Document Type

Honors Paper

Publication Date

2015

Abstract

Marine bycatch is one of the most pressing issues that result from modern industrialized fishing. Scientists do not have good estimates of rates of cryptic mortality, which is the mortality of individuals that are not landed but die from interactions with fishing gear below the water surface. One of the main causes of cryptic mortality is depredation, which occurs after individuals have escaped through fishing equipment and are eaten by predators waiting close behind for an effortless meal. In this study the effects of scale loss, slime loss, and exhaustion on the startle response of zebrafish were examined. These stressors may lead to the depredation of escapees from trawls and other fishing equipment. To test this hypothesis, zebrafish in four treatment groups were first exposed to scale loss, slime loss, exhaustion or no stressor and then exposed to a model predator. There were two sets of experiments, one with individual fish, and the other with fish in schools. Descaled zebrafish travelled a significantly shorter distance than zebrafish in the control group. The distance to nearest neighbor was also significantly greater in the descaling group when compared to the control in the schooling trial. In the schooling trials, fish in the exhaustion and slime loss trials travelled significantly shorter distances when compared to the control, but this was not seen in the individual trials, suggesting that schooling behaviors are an important consideration when analyzing startle responses. By understanding how interactions with fishing gear influence fish behavior and physiology, fisheries managers can learn the true impact that bycatch is having on stocks, facilitating more educated management decisions.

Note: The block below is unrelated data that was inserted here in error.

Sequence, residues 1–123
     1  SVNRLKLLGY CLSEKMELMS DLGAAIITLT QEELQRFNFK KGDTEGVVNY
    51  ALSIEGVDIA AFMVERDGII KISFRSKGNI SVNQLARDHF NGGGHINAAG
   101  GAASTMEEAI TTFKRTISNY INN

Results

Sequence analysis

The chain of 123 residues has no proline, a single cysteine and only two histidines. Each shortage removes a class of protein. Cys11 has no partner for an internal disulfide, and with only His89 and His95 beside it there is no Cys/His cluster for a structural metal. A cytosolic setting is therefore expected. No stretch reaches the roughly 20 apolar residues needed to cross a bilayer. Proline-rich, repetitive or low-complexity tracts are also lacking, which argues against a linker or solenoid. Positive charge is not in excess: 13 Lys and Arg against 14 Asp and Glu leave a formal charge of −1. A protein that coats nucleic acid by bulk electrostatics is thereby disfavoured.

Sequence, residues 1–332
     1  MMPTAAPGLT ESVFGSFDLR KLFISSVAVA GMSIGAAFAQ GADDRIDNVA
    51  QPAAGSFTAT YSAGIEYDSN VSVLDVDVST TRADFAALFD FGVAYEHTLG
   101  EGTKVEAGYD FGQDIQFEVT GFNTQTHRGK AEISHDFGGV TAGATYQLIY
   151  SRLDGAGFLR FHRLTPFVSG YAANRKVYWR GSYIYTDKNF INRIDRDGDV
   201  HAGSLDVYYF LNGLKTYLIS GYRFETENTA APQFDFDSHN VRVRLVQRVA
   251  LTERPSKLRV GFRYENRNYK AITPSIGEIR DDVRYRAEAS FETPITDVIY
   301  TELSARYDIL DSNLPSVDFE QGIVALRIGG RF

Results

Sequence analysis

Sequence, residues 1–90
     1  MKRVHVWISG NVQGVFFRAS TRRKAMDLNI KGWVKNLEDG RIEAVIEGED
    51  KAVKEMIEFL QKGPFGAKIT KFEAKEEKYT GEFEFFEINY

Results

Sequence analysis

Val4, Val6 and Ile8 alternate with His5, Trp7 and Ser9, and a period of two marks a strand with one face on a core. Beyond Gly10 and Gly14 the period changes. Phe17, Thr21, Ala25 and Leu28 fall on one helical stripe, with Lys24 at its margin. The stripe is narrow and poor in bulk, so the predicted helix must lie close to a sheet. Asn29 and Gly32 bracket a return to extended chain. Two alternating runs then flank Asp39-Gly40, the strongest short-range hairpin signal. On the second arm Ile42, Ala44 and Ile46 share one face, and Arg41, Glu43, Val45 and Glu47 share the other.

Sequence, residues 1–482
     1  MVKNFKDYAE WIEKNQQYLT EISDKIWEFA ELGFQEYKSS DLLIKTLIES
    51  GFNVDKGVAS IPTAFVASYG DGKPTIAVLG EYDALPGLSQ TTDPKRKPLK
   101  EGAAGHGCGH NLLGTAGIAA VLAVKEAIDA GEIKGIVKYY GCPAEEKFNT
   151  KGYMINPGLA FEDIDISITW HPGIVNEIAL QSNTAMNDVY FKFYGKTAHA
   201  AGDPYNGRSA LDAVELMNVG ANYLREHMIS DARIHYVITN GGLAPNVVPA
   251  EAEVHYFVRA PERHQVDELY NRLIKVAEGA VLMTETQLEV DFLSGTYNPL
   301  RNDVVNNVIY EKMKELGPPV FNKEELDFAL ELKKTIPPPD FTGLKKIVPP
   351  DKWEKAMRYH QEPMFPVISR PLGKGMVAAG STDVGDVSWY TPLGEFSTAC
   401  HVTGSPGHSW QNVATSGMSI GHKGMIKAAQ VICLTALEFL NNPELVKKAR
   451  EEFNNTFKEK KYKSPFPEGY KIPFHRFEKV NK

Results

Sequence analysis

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The views expressed in this paper are solely those of the author.